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10 Jun

As you all know, the 2014 World Cup finals kick off in Brazil on Thursday!

Football is the most popular sport in the world, and the World Cup is the biggest sports competition in the world involving only one single sport.

In every country, football is run by a group called a ‘Football Association’ (for example, in Ireland we have the ‘Football Association of Ireland’). Every football association is part of FIFA, which organises the World Cup. Every country’s team takes part. First every team plays against other teams from the same continent. The best 32 teams then go to the World Cup Finals.

The tournament began in 1930 and is played every four years (except in 1942 and 1946, when it was not held because of the Second World War).

In the 2014 competition, 32 teams will play 64 games in 12 stadiums around Brazil. The first match takes place on June 12, and the final will take place on July 13. 

How the tournament works

Teams are split into eight groups of four. Groups are designed to have teams from as many different continents as possible.

Within each group, every team plays every other team. This means every country gets to play at least three matches.

The best two teams from each group go into the knockout stage. There, the 16 teams play a knockout tournament – any team that loses is eliminated.

The teams play for the World Cup Trophy, which has been given to the winner of every tournament since 1974.

2nd Class are supporting our own teams!

Every pupil in 2nd Class has chosen two teams to support. Every pupil will learn about the counties they have chosen, and follow their players throughout the tournament!

11 fun facts about the World Cup!

1. Eight different teams have won the World Cup.

Brazil have won the most World Cups, wining the competition five times. The other winners are Italy (4 times); Germany (3 times); Argentina and Uruguay (twice each); and England, France, and Spain (once each).

2. The FIFA World Cup is the most-watched sporting event in the world.

An estimated 715 million people watched the 2006 World Cup final between Italy and France on TV. That’s one out of every eight people on the whole planet! Wow!

3. Brazil striker Ronaldo holds the record for the most goals in the World Cup.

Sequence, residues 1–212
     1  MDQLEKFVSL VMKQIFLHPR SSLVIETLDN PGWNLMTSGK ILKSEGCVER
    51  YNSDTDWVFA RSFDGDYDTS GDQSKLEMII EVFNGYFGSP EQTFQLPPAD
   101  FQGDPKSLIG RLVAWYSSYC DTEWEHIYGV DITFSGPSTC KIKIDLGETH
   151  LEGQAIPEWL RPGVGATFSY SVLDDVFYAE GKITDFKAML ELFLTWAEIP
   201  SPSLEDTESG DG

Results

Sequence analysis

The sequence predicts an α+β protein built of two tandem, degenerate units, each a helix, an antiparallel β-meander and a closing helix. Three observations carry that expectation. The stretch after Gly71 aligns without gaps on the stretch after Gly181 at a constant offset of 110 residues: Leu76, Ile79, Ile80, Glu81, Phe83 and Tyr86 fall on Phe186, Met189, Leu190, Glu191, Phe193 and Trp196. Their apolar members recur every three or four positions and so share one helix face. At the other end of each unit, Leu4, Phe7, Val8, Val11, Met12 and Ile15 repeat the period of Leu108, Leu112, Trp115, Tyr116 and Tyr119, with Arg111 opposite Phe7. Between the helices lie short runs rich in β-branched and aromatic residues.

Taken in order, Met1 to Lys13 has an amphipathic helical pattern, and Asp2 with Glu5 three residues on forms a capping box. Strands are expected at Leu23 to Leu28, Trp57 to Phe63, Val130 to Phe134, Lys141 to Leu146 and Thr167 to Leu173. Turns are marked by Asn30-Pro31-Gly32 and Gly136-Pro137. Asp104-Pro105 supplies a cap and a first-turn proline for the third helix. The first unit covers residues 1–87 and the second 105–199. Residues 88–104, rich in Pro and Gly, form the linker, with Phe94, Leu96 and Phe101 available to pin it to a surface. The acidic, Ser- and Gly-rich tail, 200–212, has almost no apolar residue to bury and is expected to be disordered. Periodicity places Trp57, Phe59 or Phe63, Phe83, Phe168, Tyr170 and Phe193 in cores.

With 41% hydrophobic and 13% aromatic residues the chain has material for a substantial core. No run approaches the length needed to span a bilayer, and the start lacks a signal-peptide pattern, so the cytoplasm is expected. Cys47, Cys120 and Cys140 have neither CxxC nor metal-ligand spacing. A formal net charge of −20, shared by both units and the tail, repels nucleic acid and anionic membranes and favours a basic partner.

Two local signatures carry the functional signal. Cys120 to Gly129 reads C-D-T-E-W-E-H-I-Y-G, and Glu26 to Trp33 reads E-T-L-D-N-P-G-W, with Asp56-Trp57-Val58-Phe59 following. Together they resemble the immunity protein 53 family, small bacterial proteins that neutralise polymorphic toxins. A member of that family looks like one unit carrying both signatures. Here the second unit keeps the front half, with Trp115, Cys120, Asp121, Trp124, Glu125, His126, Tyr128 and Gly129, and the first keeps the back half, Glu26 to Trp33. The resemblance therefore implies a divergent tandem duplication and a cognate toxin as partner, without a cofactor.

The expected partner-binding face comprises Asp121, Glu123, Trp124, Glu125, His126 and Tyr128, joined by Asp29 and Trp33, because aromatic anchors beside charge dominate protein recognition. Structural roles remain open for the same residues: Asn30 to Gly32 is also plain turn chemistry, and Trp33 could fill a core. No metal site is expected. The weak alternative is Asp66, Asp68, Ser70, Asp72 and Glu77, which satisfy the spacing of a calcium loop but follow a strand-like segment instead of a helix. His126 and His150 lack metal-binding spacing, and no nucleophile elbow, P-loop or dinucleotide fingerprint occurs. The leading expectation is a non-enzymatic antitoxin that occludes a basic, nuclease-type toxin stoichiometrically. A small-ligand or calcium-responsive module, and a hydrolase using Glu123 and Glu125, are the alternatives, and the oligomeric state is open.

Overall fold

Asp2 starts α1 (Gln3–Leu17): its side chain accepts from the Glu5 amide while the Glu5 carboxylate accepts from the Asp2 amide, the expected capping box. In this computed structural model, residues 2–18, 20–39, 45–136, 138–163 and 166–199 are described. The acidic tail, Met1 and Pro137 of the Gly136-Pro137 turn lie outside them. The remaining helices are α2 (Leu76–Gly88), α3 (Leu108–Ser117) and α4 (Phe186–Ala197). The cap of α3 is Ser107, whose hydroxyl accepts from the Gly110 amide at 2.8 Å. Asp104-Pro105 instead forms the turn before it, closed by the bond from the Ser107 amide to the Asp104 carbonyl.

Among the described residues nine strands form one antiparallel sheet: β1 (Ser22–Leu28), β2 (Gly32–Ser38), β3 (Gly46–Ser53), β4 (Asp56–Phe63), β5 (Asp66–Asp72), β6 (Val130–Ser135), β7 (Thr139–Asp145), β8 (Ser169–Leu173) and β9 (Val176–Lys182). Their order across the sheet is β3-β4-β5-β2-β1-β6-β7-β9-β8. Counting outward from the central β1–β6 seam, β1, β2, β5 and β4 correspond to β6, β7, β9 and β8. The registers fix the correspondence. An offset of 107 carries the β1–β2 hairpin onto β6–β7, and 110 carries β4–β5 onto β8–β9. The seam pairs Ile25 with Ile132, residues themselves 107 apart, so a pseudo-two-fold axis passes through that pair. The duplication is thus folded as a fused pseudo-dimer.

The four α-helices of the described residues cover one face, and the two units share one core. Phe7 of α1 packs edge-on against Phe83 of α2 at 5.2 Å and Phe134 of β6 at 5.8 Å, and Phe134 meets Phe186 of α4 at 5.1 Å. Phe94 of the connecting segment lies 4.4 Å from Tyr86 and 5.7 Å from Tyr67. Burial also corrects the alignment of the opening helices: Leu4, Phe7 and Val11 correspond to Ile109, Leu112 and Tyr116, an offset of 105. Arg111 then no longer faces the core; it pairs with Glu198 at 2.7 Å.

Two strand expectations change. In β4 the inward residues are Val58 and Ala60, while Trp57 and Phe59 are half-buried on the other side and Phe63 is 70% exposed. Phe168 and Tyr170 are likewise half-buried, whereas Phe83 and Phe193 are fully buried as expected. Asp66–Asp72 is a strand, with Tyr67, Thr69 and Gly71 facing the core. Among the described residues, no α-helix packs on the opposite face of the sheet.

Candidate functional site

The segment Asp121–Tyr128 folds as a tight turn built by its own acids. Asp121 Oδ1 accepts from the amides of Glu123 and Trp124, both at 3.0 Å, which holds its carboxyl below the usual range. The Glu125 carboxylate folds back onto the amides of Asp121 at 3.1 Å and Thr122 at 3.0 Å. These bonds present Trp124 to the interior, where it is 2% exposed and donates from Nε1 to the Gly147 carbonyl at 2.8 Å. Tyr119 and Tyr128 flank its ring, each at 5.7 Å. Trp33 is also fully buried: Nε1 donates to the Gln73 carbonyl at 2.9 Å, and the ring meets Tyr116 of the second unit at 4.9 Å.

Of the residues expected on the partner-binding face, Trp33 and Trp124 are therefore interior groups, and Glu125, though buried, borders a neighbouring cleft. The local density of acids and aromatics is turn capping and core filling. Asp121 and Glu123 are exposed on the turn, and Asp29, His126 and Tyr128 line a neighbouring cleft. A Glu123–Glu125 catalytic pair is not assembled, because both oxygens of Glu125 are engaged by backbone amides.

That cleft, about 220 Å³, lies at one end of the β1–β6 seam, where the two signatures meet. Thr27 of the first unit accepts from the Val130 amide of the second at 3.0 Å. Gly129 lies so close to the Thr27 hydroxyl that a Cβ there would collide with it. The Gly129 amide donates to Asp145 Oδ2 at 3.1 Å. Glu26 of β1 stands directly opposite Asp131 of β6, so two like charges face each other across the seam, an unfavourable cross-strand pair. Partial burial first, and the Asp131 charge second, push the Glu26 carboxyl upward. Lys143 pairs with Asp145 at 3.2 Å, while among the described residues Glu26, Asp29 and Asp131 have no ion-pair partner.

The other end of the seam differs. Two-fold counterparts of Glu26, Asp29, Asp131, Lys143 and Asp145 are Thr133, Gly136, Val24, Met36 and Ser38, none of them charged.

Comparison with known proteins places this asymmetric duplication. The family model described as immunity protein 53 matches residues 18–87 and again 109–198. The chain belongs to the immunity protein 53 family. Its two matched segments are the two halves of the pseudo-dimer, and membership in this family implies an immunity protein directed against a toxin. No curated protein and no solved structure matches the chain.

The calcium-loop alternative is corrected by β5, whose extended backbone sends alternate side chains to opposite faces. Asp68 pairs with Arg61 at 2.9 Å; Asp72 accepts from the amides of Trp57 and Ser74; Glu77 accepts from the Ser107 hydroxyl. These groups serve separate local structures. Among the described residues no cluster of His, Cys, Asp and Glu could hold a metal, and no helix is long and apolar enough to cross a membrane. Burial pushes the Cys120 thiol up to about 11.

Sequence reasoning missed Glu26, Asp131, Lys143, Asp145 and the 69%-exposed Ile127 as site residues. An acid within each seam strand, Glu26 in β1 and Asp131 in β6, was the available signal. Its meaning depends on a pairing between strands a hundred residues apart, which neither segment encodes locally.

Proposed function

He played in three tournaments: 1998, 2002 and 2006. This video has all 15 of his goals!

4. The next three World Cups…

…will be hosted by Brazil in 2014, Russia in 2018, and Qatar in 2022.

5. The original World Cup trophy was called the ‘Jules Rimet Trophy’.

rimetIt was named after the president of FIFA, Jules Rimet, who created the World Cup competition.

In 1970 Brazil won the trophy for a third time, so they were allowed to keep it forever. In the picture here, you can see the famous Brazilian footballer Pele, kissing the old trophy which Brazil were allowed to keep.

A new trophy was made for the competition in 1974 and has been used ever since.

6. Brazil is the only country to take part in every single World Cup since it began in 1930.

Even though football was invented in England, the English team did not take part in the first three World Cups. This is partly because the first tournament was held in Uruguay in South America, which was a very long journey for teams from Europe.

7. 2014 will be the 20th time that the World Cup has taken place.

Out of the previous 19, the host country has won the competition six times: Uruguay in 1930, Italy in 1934, England in 1966, West Germany in 1974, Argentina in 1978, and France in 1998.

8. The competition in 2014 will be the first to use special technology.

The referee in every game will wear a special watch, which can tell him when the ball has crossed the goal line. This means there will be no mistakes when the ball crosses the line and the referee can give a goal only when the ball has definitely crossed the line.

Referees will also be able to use a special spray, to draw a line on the ground where players have to stand for a free kick. The line will then disappear a few minutes later, so there is no mark left on the ground. Magic!


9. Time to take a break!

Because Brazil is a very hot country, players will have to take breaks in the middle of games. As well as the half-time break, there will be a break in the middle of each half, so that the players and officials can have a drink and stay cool.

10. The Republic of Ireland team has qualified for three World Cups – 1990, 1994 and 2002.

The best performance was in 1990, where Ireland made it all the way to the quarter-finals.

The whole country was so proud of the team and the manager, Jack Charlton – who had already won the World Cup as a player with England in 1966. Huge crowds went to Dublin to welcome the team home.

11. Have you ever heard about the dog who saved the World Cup?

In 1966 the old World Cup trophy was stolen a few months before the competition was held in England. FIFA were very upset – how could they hold a World Cup if there was no trophy to give to the winners?

Thankfully, it was found by a dog named Pickles who was out for a walk with his owner, David Corbett. Pickles smelled something strange in a hedge and found the trophy, which was wrapped up in old newspapers.

Pickles was treated like a hero and when England won the World Cup in 1966, the Queen invited Pickles and his owner to the official victory party to see the trophy again.

Have some fun at home for the World Cup!

There’s loads of material online for you to download to enjoy the fun of the World Cup at home.

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